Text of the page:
Miami Dolphins: This team isn’t going anywhere until Ricky Williams comes back from his Rastaman Suspension and then gets traded. The Dolphin defenders will play stoutly as always, and watch as the horrible offense comes up with new and unexpected ways to lose. It is hard to argue that it’s wiser to have a protracted QB battle between a has-been and a never-was than to sign Vinny Testaverde and let him run the show. Too late now. Potential star receiver Chris Chambers is gnashing his teeth.


Cincinnati Bengals: Chad Johnson put it best when he said he should be called “7-11” because he’s always open. And he’s happy because Carson Palmer is the real deal—no more wounded-duck passes like Jon Kitna’s in years past. This offensive unit, with receivers TJ Houshmanzadeh and Kelley Washington, is going to blow a lot of teams out. The defense, while still prone to lapses, will do enough for Marvin Lewis to get this team into the playoffs for the first time since the days of Ickey Woods.

Baltimore Ravens: On paper, they’re stacked. In Madden, they’ll be really tough to score on. In real life, Kyle Boller’s painstakingly slow development will continue to be a drag on the Ravens. Jamal Lewis, a healthy Todd Heap, and that sick defense will get these guys into the playoffs, but Boller will make sure they don’t stay there long.

Pittsburgh Steelers: Ben Roethlisberger’s luck will run cold this year, and the banged-up Duce Staley and Jerome Bettis will run less effectively. This team had a lot of fortunate breaks in close games last year. They were like the NFL’s Washington Nationals. Although Plaxico Burress didn’t get a lot of balls thrown his way, his departure will enable teams to focus more on Hines Ward and Antwaan Randle El. Like the Chargers, this team performed over its head last year, and payback will be hell.

Cleveland Browns: Charlie Frye should be the QB. Trent Dilfer’s a nice guy and all, but this team is going nowhere, so building chemistry between Braylon Edwards and the guy who will be there in the future makes more sense. Reuben Droughns will have an Olandis Gary in Detroit type of year, reinforcing the idea that running backs all rush for 1,000 yards if they play in Denver. Kellen Winslow ... doh. Wherefore art thou, Romeo Crennel? In the crapper.


Indianapolis Colts: Same old. No matter how gaudy the offense, this defensive unit isn’t going to make it to the Super Bowl. Corey Simon isn’t going to be enough to put this team over the top, and chemistry issues may arise with Edgerrin James before it’s all said and done.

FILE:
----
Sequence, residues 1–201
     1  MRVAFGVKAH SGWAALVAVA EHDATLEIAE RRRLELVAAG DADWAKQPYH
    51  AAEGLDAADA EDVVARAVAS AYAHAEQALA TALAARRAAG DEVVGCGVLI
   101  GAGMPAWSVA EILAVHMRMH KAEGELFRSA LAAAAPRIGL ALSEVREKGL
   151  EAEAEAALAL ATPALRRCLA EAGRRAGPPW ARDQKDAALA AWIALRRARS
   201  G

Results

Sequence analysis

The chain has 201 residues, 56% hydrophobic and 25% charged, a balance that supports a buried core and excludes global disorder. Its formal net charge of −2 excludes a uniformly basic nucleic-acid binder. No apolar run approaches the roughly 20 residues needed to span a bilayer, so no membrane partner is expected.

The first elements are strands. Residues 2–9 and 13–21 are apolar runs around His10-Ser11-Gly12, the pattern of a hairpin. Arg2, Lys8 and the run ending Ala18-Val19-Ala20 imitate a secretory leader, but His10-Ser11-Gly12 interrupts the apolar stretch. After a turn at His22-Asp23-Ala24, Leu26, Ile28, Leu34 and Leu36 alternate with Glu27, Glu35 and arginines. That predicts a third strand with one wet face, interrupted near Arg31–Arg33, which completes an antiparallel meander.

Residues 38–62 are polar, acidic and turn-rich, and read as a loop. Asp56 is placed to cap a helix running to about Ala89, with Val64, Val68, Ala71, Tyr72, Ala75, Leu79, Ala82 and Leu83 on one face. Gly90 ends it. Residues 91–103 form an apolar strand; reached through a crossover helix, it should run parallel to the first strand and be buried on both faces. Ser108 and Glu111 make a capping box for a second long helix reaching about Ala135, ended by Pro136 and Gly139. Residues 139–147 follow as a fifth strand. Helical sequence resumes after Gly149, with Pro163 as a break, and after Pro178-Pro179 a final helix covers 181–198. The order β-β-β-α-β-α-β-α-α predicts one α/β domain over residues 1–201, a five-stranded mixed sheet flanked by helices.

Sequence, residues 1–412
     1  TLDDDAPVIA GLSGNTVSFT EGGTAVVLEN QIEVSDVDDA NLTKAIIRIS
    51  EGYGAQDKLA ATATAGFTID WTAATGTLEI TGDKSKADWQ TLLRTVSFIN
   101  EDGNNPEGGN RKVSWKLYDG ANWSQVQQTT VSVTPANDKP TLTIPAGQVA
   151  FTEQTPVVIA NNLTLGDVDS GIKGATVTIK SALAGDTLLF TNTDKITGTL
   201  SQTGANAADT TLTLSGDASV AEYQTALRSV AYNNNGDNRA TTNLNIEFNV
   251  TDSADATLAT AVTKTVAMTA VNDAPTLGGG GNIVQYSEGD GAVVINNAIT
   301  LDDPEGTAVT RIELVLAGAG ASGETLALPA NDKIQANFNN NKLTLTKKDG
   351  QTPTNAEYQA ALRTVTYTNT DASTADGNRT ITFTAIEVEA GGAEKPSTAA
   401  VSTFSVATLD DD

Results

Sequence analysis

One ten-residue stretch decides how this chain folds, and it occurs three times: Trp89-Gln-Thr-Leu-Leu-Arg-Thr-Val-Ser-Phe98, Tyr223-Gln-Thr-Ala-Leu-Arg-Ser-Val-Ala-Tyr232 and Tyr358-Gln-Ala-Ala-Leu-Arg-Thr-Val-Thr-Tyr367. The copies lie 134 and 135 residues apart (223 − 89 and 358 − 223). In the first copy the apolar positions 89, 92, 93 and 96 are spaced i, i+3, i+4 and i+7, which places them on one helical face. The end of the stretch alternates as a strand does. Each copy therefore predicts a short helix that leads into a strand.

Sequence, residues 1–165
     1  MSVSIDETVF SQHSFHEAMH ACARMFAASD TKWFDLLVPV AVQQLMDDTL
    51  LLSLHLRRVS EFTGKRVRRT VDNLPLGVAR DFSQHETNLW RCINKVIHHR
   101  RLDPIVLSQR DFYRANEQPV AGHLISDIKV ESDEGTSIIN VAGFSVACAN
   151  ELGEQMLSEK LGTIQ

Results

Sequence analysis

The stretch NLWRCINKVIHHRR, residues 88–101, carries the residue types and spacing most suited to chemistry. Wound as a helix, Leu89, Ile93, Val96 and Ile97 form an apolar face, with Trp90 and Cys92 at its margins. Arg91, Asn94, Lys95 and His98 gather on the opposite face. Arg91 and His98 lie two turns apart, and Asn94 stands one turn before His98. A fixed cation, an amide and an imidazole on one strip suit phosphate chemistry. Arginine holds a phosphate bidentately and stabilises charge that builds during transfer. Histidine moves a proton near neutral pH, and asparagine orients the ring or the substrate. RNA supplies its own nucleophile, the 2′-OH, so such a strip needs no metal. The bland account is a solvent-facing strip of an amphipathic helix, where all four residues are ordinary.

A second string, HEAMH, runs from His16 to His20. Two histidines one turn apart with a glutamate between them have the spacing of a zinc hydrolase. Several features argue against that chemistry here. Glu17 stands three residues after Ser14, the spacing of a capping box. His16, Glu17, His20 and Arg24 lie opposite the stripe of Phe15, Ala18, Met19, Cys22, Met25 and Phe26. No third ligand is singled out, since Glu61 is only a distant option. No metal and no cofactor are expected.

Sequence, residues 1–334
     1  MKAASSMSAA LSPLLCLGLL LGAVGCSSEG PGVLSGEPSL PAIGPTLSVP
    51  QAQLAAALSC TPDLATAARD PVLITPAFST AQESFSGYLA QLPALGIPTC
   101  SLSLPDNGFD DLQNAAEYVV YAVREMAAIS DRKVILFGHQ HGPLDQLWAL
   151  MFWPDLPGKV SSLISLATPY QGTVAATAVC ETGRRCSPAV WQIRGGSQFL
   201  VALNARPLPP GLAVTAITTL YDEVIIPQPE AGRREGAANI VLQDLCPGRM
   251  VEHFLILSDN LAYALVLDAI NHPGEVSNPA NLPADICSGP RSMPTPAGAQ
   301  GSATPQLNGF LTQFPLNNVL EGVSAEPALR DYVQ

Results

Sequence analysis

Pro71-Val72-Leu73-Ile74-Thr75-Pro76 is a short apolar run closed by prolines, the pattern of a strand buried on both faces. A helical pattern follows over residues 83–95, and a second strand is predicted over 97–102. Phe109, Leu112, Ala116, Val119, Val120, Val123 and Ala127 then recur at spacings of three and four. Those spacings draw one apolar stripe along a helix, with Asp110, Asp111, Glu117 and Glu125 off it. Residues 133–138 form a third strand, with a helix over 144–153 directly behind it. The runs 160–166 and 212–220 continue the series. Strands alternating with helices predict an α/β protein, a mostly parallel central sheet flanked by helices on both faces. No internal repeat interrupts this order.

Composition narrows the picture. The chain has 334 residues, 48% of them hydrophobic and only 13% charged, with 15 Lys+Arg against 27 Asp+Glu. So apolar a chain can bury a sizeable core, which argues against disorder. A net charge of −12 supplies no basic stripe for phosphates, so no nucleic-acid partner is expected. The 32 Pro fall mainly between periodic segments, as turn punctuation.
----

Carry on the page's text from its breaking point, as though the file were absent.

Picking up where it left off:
Jacksonville Jaguars: Byron Leftwich will likely put together another solid year. If this team can pry Ricky Williams from the Dolphins in the narrow window between the end of his suspension and the trading deadline, the Jags could be way steadier than they will be when Fred Taylor suffers his yearly serious injury.

Houston Texans: This team mirrors Jacksonville, in that they’re on the rise. Andre Johnson is going to be a stat stuffer for years to come. But QB David Carr needs a more dynamic secondary receiver than Jabar Gaffney. At best an 8-8 team.

Tennessee Titans: If only Kevin Dyson been able to Go-Go Gadget that pigskin another yard ... wake up, Jeff Fisher. This is 2005. Since Super Bowl XXXIV Steve McNair has been steadily rubbed into the ground. Pacman Jones’s on- and off-field issues weren’t what this team was looking to add in the draft.


Kansas City Chiefs: The defensive improvements here — Patrick Surtain, Kendrell Bell — will be enough to propel them back into the playoffs. The backfield combination of Larry Johnson and Priest Holmes is going to put up bigger numbers than some of your friends’ fantasy backs.

Denver Broncos: This will be the year Jake Plummer pulls it all together. Rod Smith will have another solid campaign, and the other receivers are good enough that Jerry Rice couldn’t play. This team could contend for the top spot.

Oakland Raiders: While the additions of Randy Moss and Lamont Jordan will make this team interesting to watch at times, Kerry Collins won’t get it done. The defense is lackluster, and Norv Turner will be playing kindergarten kop as much as head coach. Much as we love the Al Davis and Sid Gillman vertical approach to the passing game, “Frankenteam” won’t work.

San Diego Chargers: Drew Brees is talented, but Eric Parker and the aged Keenan McCardell aren’t exactly top-notch receivers. Antonio Gates is a distraction, but the real killer is the schedule, not the cakewalk of last year. Visits to New England, Philadelphia, and Indianapolis will break this team’s back, no matter how great LaDainian Tomlinson is.



Dallas Cowboys: Drew Bledsoe and Bill Parcells will likely get the majority of the acclaim if this team does as well as we think they will, but Julius Jones is the one that’s going to make it happen. Jones is a more talented Dave Meggett, the type of back Parcells knows how to use as a receiver expertly. Peerless Price will resurrect his career here, and the ’boys will perform like the Steelers of last year.